When: Doors at 7, show at 7:30.
Where: Friends' Meeting House, 130 19th Avenue SE, St. Petersburg.
For more info or to RSVP, contact David Brown at:

Photo by Peter Simon

15 Minutes of Fame

A few posts back I wrote about FMoPA's 15 Minutes of Fame, but I gave the wrong date for the next one. I misstated that it was coming up this Wednesday, but it's happening next week on Wed., February 24th.

If you're a photographer this is a great opportunity to learn how to present your work/share it with the Tampa community, as well as view the work of others. Museum membership is required to be a presenter but not an audience member.

Construction on the new Tampa Museum of Art and Curtis Hixson park, circa 2008.



Sometimes I feel like I can't take myself anywhere without seeing something wrong that must be righted. I told this to Ronny, who welcomed me into his club and then quoted this line from the 1953 Marlon Brandon flick, "The Wild One":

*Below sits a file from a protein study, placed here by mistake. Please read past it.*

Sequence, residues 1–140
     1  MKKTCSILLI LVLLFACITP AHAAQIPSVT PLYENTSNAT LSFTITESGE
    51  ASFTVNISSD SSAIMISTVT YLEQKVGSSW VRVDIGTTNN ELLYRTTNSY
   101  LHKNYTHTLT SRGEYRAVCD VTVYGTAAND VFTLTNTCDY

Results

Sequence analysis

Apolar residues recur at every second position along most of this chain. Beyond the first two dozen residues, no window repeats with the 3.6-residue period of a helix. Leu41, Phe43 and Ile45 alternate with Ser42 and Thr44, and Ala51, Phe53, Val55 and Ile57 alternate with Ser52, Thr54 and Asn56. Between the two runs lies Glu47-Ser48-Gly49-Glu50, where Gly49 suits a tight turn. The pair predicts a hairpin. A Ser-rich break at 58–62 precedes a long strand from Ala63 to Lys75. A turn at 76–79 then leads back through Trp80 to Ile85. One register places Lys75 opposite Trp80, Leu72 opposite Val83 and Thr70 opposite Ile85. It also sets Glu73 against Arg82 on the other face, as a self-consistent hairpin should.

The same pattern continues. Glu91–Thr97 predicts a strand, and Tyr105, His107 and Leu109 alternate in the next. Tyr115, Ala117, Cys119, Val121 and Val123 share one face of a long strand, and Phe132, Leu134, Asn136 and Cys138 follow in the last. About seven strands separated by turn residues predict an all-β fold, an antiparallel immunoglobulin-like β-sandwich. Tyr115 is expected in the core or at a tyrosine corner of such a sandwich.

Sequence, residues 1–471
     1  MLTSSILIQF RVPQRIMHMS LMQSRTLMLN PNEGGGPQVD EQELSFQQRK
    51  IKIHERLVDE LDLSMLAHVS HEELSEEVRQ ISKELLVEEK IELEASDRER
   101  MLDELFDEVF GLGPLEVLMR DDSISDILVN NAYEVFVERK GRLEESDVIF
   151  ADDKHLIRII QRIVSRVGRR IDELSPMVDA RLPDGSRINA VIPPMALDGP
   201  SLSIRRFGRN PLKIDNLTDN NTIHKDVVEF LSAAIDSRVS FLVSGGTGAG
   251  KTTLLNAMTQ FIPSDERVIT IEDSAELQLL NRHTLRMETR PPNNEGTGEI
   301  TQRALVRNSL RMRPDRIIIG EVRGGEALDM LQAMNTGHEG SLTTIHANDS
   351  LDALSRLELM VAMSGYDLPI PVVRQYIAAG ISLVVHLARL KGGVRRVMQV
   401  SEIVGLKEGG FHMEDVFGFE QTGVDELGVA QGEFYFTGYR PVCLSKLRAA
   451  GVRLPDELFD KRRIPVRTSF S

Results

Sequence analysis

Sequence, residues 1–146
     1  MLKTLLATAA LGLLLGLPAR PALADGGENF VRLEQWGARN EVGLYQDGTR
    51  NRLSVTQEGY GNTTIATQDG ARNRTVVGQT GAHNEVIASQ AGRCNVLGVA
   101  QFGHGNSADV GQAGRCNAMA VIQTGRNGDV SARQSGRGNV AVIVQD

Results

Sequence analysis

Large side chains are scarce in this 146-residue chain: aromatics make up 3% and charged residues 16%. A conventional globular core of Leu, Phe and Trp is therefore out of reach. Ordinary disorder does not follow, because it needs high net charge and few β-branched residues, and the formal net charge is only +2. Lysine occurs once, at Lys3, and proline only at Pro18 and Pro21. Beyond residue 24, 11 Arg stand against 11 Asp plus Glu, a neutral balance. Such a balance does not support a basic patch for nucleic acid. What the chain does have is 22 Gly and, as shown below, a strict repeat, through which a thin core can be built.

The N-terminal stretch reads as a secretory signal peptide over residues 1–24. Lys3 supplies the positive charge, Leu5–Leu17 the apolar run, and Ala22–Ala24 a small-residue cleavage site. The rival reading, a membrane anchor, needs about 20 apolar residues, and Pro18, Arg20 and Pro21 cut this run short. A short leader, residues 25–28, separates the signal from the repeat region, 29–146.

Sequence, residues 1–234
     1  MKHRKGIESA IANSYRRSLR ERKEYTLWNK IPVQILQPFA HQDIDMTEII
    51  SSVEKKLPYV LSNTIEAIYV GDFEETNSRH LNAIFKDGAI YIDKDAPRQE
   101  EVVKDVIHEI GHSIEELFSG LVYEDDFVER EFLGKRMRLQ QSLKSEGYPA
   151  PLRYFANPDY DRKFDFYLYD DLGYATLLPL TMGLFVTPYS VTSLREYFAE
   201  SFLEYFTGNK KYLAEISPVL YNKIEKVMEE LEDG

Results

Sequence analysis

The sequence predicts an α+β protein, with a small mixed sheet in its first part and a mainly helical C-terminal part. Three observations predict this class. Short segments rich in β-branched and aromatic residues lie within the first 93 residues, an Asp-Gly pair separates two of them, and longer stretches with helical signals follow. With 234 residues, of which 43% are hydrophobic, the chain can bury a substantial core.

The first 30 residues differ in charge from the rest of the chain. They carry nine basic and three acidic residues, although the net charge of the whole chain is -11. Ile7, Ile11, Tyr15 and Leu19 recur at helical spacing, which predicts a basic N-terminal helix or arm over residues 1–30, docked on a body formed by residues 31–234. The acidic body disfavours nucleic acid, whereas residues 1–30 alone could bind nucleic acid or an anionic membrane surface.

Mildred: What're you rebelling against, Johnny?

Johnny: Whaddya got?


Florida's Greatest Resource, Part II

District Ombudsman Manager Robin Baker heads the small Tampa office that investigates complaints made by or on behalf of residents of long-term care facilities. Her district consists of Hillsborough and Manatee counties - that's 322 facilities between her, two other employees, and (at last count last week) 13 state-certified volunteers.

Robin assigned the complaint I made to one of her volunteers, who was on the case by the time I got to work that afternoon. The building swarmed with nervous employees as the ombudsman conducted his investigation. I was nervous too, wondering if I had done the right thing, or if I had jumped the gun. But it was the best decision I could have made with the information I had and I don't regret choosing the only option I thought would help the gentleman in a wheelchair
who deserved so much more care and respect.